The discovery of the most distant large-scale cluster of galaxies in the very young universe has astronomers puzzling about how it formed so rapidly.
Crucial observations by a collaboration of telescopes including Gemini Observatory, Subaru Telescope and W.M. Keck Observatory, all on Maunakea, helped an international team of astronomers to discover the most distant cosmic collection of galaxies caught in the act of forming in the early universe.
Known as z660D, this puzzling protocluster — a large and scattered collection of young gas-rich galaxies — is feverishly creating stars some 13 billion light years away. It is the most distant large-scale structure of galaxies ever detected. Full details are published in the Sept. 30 issue of The Astrophysical Journal.
“This discovery suggests that large-scale structures already existed when our universe was only about 800 million years old,” explained lead author Yuichi Harikane from the National Astronomical Observatory of Japan.
“That’s just 6 percent of the universe’s current age of 13.8 billion years. In addition to its impressive age, this protocluster is in the fast lane to formation.”
“As we continue to find rare and essential objects like this protocluster of galaxies in the early history of our universe, collaboration of major facilities often becomes necessary,” added Chris Davis of the National Science Foundation, which provides support for the international Gemini Observatory. “Big telescopes can bring something unique to the table. In Gemini’s case, optical spectroscopy has always been a great strength and a powerful tool for discovery.”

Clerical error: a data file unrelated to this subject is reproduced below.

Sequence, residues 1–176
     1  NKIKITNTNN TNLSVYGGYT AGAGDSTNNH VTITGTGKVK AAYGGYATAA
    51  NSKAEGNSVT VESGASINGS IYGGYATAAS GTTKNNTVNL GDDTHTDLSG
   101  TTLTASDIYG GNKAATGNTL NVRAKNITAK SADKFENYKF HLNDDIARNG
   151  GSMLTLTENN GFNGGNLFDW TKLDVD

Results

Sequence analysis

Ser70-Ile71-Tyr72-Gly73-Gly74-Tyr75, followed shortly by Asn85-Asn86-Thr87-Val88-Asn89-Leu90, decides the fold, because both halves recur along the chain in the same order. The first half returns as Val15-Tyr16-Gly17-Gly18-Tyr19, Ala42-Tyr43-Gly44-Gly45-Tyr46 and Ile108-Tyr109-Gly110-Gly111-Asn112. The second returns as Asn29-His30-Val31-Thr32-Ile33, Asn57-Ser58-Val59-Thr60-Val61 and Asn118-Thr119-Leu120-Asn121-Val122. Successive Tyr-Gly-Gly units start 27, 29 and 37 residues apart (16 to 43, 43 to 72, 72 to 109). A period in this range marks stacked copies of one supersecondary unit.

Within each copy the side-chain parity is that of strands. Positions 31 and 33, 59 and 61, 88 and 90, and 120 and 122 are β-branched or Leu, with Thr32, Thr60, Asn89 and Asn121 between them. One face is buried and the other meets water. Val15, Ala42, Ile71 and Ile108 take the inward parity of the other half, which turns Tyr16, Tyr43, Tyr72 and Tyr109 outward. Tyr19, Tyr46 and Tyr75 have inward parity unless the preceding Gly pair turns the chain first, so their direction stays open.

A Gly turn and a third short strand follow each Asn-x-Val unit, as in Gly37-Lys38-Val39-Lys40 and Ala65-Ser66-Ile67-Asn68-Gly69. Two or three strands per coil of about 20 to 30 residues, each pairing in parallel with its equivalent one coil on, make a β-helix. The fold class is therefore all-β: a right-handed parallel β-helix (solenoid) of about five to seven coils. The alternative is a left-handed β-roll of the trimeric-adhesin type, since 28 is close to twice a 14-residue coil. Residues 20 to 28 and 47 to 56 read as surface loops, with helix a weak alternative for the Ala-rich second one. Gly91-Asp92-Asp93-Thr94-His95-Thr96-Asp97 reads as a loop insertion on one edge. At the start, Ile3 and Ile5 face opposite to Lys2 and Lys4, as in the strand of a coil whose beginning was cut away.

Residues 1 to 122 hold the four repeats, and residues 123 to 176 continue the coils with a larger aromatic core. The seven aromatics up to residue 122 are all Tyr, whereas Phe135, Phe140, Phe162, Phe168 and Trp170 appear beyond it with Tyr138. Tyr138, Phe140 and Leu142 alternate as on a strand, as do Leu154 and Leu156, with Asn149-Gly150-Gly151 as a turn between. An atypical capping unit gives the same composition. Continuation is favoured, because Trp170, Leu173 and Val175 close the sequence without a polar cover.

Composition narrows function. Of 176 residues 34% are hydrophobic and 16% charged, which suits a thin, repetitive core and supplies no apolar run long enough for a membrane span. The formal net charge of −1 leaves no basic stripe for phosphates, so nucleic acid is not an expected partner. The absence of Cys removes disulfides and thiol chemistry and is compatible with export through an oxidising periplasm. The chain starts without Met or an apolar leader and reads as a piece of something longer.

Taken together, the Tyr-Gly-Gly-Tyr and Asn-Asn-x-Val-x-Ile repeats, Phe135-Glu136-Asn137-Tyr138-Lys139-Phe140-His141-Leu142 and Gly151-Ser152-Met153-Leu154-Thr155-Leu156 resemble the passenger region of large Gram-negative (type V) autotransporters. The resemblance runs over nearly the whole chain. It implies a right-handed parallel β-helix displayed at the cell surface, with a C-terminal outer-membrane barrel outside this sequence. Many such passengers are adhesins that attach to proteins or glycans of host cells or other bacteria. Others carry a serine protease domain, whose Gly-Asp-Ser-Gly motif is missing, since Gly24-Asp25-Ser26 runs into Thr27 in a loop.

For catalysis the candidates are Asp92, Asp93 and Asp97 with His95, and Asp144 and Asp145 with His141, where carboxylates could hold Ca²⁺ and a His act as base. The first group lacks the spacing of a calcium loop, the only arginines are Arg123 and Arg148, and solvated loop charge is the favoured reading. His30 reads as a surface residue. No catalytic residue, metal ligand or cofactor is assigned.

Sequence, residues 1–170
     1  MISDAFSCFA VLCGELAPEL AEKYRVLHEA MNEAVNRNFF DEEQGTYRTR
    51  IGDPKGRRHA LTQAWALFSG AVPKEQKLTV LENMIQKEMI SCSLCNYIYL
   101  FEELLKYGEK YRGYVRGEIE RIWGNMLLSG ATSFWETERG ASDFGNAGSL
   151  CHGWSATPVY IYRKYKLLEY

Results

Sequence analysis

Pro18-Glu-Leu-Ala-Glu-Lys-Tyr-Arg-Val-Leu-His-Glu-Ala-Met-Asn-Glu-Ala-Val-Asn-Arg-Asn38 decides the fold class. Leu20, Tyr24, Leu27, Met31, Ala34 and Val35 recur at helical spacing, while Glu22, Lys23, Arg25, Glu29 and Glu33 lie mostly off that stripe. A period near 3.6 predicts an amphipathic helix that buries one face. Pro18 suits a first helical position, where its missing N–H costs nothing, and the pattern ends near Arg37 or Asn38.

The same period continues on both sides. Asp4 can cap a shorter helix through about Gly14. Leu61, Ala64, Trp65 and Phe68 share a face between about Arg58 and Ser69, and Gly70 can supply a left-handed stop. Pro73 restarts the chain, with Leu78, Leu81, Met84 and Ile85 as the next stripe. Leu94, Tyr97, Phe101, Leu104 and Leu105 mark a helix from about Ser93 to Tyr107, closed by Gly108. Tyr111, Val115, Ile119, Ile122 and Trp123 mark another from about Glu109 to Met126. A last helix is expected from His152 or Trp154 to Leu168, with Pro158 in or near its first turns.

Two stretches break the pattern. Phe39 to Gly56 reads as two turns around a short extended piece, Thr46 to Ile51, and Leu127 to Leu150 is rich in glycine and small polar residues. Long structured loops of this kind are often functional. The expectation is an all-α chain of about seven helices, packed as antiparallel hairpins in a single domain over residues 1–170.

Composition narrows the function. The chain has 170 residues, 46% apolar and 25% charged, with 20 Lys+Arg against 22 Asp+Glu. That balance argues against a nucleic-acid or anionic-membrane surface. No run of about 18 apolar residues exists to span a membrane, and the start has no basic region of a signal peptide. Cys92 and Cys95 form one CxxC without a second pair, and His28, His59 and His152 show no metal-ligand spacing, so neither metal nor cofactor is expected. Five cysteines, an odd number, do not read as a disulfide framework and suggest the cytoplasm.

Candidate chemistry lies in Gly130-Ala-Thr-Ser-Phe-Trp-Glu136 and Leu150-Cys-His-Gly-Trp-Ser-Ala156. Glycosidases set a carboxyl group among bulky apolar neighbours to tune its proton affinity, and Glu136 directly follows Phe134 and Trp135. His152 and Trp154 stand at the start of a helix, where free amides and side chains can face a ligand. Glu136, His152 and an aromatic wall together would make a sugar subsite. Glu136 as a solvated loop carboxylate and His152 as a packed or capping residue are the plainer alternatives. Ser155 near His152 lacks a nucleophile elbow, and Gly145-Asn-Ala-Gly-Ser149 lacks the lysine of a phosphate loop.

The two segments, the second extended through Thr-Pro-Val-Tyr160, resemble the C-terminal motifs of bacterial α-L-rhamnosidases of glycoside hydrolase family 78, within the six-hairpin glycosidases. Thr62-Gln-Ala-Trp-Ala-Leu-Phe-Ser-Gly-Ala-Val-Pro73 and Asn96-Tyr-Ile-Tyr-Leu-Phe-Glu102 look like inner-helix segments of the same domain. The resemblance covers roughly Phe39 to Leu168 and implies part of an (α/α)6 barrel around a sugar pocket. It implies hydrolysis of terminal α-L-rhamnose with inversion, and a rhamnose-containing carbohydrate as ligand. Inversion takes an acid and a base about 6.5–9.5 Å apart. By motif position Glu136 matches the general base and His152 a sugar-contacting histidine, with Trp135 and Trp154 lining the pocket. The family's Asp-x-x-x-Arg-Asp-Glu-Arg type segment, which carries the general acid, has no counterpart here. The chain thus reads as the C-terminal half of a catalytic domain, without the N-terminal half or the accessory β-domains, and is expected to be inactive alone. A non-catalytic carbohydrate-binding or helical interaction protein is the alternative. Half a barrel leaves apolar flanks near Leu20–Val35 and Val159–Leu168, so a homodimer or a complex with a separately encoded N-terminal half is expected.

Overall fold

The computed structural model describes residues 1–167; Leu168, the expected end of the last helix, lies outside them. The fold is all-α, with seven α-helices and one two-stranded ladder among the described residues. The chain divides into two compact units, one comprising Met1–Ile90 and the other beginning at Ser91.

The study began with a wide-field search for protocluster candidates using the wide-field Hyper Suprime-Cam imager on the 8-meter Subaru telescope on Maunakea. The team encountered the cluster, where galaxies are 15 times more concentrated than average, and used the sensitive Gemini Multi-Object Spectrograph on the 8-meter Gemini North telescope on Maunakea to capture the chemical fingerprints of half of the individual galaxies in the protocluster.
These data, coupled with similar spectroscopic data from the neighboring Keck Observatory and the Magellan Telescope in Chile, confirmed that z660D was unmistakably the most distant protocluster ever detected.
The galaxies in z66OD appear to be powered by prodigious bursts of star formation.
The number of stars forming per year in the protocluster is a startling five times larger than that in other galaxy groupings with similar masses observed in the early universe.
Equally curious is that while previous observations suggested protoclusters this early in the universe should contain a massive dusty galaxy, z660D does not appear to have one.
Objects such as z660D pose a formidable challenge to astronomers trying to understand the formation of some of the largest structures in the universe.